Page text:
Sarah Woulfin, an education professor who studies literacy at the University of Texas at Austin, said Amplify is a solid curricular choice. She’s reviewed research on the model that suggests it includes all the essential elements of the science of reading, producing results for students.
“A real strength is that if you are a first grader or a second grader at a particular school, you’re experiencing Amplify in first and second grade. And then you go to the third grade classroom, and they’re also using Amplify and it’s intentionally sequenced,” Woulfin said.
Still, Woulfin said the curriculum also has downsides. Some critique it for pre-selecting books for students, rather than giving kids the joy of choosing a book from the shelves. And some reading researchers argue Amplify’s emphasis on phonics and word recognition comes at the expense of ensuring students fully understand the meaning of what they read, Woulfin said.
Where does HISD stand on reading?
Students in HISD have long struggled with reading, with stagnant standardized test scores for over a decade.
About 19 percent of fourth graders in the district scored “proficient” in 2022 on the National Assessment of Educational Progress, known as the “Nation’s Report Card.” That’s virtually unchanged since 2003 and 11 percentage points lower than the state average.
Vast gaps also exist between low-income and affluent students.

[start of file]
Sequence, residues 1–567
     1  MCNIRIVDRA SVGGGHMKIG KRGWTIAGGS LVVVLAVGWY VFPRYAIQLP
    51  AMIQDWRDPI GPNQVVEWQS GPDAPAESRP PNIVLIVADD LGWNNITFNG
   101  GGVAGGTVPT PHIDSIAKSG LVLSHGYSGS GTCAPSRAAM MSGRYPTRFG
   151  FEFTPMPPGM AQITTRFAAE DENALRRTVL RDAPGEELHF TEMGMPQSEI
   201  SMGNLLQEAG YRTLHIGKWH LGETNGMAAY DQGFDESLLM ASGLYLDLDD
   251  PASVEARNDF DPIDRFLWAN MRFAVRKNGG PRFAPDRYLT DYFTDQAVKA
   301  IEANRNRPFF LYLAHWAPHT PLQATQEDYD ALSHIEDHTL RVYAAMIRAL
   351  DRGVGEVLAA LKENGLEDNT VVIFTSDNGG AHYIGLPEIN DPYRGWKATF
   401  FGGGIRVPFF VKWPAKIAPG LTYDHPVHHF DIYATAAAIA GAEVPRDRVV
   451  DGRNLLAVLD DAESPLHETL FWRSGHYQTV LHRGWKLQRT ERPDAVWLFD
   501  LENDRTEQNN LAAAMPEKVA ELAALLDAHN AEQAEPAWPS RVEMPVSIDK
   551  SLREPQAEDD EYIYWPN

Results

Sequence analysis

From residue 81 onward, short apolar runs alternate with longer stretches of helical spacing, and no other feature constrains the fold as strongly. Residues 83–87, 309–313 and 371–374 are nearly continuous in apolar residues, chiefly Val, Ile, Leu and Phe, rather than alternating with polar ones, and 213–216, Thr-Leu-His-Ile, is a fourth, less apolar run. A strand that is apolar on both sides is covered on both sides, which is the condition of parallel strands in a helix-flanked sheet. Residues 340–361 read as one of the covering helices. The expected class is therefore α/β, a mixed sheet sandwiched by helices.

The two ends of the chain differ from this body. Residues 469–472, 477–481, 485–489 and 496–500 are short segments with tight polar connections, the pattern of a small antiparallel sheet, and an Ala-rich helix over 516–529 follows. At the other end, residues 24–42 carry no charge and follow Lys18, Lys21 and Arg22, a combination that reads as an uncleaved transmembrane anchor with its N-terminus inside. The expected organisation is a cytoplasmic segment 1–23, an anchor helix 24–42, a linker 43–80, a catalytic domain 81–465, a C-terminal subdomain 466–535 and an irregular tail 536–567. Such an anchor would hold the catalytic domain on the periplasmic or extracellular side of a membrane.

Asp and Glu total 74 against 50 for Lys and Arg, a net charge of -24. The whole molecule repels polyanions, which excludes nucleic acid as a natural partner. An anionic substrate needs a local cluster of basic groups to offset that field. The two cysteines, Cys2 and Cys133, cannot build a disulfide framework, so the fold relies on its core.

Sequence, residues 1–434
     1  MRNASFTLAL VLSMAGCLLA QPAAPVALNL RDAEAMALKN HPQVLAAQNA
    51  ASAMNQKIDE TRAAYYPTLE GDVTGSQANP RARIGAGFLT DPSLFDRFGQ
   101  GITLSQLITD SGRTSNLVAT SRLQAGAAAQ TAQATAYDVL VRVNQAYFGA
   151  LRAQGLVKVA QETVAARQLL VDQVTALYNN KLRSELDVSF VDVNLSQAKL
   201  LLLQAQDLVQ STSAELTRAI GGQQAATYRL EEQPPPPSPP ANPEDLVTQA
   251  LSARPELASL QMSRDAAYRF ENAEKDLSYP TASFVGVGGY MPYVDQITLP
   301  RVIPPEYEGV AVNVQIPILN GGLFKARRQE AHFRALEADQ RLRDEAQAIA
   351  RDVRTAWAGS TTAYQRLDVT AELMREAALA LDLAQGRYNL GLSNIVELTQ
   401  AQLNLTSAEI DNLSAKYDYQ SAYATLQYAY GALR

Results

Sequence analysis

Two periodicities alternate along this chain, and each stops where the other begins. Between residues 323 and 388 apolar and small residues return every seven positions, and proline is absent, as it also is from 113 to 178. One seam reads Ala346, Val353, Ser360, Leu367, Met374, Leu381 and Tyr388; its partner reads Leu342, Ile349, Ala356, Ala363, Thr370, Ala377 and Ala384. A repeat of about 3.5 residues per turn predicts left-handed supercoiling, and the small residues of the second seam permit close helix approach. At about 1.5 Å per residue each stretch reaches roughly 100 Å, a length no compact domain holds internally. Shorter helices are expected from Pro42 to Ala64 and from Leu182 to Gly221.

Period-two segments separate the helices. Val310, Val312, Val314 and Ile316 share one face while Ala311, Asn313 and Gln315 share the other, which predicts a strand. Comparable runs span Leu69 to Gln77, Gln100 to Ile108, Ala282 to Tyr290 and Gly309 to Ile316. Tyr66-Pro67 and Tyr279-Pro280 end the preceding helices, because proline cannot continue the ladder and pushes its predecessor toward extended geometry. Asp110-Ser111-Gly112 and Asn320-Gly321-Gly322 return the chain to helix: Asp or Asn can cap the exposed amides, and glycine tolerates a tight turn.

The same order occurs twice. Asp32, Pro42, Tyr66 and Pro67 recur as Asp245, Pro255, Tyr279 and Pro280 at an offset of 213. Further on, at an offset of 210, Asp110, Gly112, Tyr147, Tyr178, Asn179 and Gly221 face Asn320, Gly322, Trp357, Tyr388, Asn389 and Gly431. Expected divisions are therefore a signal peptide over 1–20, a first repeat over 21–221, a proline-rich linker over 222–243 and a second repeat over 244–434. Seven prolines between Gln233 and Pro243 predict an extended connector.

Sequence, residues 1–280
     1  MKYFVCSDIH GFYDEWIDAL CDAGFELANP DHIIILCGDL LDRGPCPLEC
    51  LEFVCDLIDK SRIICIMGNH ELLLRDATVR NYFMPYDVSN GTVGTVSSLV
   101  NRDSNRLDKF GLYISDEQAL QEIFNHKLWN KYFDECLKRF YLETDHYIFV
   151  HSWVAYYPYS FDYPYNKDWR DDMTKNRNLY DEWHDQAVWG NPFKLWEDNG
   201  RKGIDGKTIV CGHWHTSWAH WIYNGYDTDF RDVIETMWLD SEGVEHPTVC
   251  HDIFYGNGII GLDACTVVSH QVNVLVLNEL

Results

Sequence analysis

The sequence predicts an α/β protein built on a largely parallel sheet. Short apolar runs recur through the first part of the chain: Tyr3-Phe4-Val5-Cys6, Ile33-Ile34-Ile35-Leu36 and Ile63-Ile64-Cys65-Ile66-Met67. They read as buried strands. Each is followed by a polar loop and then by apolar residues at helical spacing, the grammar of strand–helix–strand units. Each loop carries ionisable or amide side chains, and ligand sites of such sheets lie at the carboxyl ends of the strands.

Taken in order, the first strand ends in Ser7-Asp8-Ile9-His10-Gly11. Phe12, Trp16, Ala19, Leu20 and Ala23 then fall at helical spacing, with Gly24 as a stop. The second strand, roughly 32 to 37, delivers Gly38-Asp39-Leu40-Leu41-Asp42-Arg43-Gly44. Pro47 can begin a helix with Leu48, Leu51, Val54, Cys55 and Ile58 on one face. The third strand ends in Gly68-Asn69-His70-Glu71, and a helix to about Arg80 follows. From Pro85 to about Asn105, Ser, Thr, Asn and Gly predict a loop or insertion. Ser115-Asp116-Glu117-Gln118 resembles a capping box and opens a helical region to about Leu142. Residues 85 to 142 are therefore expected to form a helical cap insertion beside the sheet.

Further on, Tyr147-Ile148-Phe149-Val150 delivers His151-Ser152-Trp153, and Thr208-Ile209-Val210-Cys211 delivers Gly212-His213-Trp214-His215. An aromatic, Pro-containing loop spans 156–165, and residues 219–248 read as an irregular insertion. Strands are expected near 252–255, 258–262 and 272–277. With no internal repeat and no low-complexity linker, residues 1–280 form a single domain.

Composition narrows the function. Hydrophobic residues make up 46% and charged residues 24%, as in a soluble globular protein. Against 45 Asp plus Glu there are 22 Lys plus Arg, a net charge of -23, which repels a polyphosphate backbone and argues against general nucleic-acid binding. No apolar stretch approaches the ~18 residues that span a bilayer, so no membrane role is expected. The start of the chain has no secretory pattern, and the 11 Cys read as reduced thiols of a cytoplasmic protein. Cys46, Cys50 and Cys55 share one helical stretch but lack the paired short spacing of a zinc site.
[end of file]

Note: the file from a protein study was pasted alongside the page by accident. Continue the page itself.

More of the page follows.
About 35 percent of third graders deemed “economically disadvantaged” by the state scored at grade level in reading on Texas’ state standardized tests, commonly known as STAAR, in 2023. By comparison, 74 percent of their more affluent peers tested at grade level. Third grade is a critical juncture after which many educators expect students to transition from “learning to read” to “reading to learn.”
Scoring “proficient” on the “Nation’s Report Card” exam is not equivalent to being on grade level, according to the test’s creators.
The science of reading and dual language
Lessons in the science of reading will be taught completely in English at the dozens of overhauled schools required to use the Amplify curriculum, Miles has said. That’s a concern to many parents at the 78 HISD schools with Spanish-English dual language programs who have been promised equal parts instruction in each language. Last school year, 42 percent of HISD students spoke Spanish, according to the district.